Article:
How often have you been to an event where a ‘Life Coach’, ‘Inspirational Speaker’ or ‘Motivational Guru’ has told you in no uncertain terms that what we need to be happier and more productive in the workplace is a POSITIVE ATTITUDE? And that to be truly OPEN MINDED in the workplace we have to applaud all new ideas in meetings just because they are new ideas?
While happy workers have been found in independent academic studies to work harder, and there is evidence of increased staff retention as well as reduced sick leave in an happy office environment, it’s not always true that positivity is a driver of workplace happiness. Indeed, as Davies has noted, we don’t even know what constitutes happiness, and given emergent knowledge about motivation in the workplace, there is no evidence at all that a positive attitude is what makes people either happy or productive.
To put it bluntly, people who tell you that you need to be positive about everything in the workplace are fundamentally wrong.
And there’s a very good reason why: positivity without critical reflection is mindless. Just as your support for a local sporting team is entirely tribal, and your choice to maintain support is more emotional than rational, when you unthinkingly support ideas in the workplace just because they have been proposed, you are generating a tribal response, rather than a rational one. And this can quite badly damage the perceived value of ideas in the longer term, because it can be difficult to distinguish between positive responses as a matter of tribal celebration, and positive responses after careful consideration.
I think most of the theories around happiness, positivity and productivity have made a fatal error in synonimizing openness with a positive attitude. Instead of reflecting on ideas and opportunities in the workplace with calm and rational thought, the idea of applauding all new ideas has been posited as a means of improving the team culture, and the collaborative spirit. It’s seen as a way to encourage openness to new ideas, and even new risks, instead of closing ideas down.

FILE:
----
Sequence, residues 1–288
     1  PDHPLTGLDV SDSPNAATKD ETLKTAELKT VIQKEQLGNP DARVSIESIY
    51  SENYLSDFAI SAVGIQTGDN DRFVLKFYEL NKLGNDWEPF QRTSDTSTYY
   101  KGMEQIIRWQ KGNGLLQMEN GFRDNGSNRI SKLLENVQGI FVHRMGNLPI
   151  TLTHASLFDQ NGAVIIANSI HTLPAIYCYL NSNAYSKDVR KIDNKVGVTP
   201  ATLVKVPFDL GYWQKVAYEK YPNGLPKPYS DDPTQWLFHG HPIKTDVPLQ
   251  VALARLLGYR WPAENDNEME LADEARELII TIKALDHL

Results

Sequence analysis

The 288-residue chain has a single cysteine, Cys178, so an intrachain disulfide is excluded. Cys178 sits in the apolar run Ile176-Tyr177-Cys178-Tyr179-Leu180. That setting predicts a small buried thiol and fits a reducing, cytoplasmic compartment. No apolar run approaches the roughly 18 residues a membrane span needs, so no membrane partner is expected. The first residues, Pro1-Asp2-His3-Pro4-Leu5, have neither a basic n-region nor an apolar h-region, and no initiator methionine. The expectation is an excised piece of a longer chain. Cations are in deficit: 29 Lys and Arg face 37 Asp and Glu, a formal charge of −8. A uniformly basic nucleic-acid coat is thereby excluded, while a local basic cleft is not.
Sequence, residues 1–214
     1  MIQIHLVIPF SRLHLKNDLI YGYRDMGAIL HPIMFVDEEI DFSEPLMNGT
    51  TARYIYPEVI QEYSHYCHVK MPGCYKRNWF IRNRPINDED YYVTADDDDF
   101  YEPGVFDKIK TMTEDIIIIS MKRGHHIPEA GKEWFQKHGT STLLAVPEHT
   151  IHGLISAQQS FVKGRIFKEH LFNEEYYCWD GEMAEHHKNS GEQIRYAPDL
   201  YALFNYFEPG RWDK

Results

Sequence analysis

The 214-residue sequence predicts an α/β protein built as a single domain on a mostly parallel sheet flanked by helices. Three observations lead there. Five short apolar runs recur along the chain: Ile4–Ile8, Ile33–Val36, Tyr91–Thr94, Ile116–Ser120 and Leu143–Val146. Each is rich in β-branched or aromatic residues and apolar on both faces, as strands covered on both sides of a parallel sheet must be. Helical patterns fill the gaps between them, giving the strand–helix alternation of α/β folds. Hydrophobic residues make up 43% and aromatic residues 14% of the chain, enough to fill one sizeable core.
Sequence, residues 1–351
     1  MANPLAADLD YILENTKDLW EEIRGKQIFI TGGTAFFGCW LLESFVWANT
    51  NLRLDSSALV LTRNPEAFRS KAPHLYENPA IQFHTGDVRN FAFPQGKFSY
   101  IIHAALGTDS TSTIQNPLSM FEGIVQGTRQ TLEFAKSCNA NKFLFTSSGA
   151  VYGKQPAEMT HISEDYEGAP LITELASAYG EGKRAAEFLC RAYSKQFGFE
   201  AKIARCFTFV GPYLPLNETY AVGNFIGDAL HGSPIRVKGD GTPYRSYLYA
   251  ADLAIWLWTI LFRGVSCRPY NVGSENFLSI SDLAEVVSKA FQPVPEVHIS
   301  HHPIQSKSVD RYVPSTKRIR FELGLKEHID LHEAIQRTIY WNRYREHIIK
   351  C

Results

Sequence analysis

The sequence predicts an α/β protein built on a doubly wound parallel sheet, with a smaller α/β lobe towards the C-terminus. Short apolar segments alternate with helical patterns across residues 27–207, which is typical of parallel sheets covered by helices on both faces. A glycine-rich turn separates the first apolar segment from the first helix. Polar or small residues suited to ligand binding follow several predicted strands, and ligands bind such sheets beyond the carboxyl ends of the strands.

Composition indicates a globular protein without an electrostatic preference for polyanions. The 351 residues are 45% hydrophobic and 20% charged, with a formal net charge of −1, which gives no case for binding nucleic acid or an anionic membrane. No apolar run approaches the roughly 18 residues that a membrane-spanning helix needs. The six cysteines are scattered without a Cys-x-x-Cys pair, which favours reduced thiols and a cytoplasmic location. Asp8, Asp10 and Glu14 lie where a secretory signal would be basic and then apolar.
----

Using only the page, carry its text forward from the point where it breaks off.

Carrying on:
But the opposite of ‘being closed-minded’ is not ‘being positive’. It’s ‘being open-minded’. That means challenging and being challenged by ideas, not simply accepting them (or rejecting them) on face value. True openness is when you don’t really have either a wholly positive or wholly negative response to any idea, but you are willing to have value demonstrated, and to participate in a collective assessment exercise.
As a commentator on, and facilitator of innovation, of course I am of the opinion that workplaces need to be more open to risk. But I am not a fan of the cult of conviviality as a means of facilitating risk adoption. Instead, I encourage people to challenge ideas, to critically review and assess. And when an idea looks like it might be truly transformative, it is the right time to come together and celebrate that potential.
About the author – Joanne Jacobs
Joanne is a Digital Strategist & Company Director based in Sydney – with a background as a consultant, running social media production agencies, in research in interaction design, and as an academic, teaching strategic use of IT and communications.
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